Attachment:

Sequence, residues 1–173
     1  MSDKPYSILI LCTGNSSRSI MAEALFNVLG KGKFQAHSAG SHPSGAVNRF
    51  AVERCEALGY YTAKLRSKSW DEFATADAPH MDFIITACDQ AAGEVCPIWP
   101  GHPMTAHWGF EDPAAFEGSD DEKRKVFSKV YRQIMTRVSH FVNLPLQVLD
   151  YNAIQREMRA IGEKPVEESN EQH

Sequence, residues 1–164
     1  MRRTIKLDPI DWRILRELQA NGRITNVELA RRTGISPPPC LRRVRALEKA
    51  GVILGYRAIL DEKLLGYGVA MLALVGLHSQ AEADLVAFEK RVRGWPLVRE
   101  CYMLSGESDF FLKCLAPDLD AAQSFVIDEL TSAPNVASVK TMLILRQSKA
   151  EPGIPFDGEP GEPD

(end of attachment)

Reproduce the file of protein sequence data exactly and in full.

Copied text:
Sequence, residues 1–173
     1  MSDKPYSILI LCTGNSSRSI MAEALFNVLG KGKFQAHSAG SHPSGAVNRF
    51  AVERCEALGY YTAKLRSKSW DEFATADAPH MDFIITACDQ AAGEVCPIWP
   101  GHPMTAHWGF EDPAAFEGSD DEKRKVFSKV YRQIMTRVSH FVNLPLQVLD
   151  YNAIQREMRA IGEKPVEESN EQH

Sequence, residues 1–164
     1  MRRTIKLDPI DWRILRELQA NGRITNVELA RRTGISPPPC LRRVRALEKA
    51  GVILGYRAIL DEKLLGYGVA MLALVGLHSQ AEADLVAFEK RVRGWPLVRE
   101  CYMLSGESDF FLKCLAPDLD AAQSFVIDEL TSAPNVASVK TMLILRQSKA
   151  EPGIPFDGEP GEPD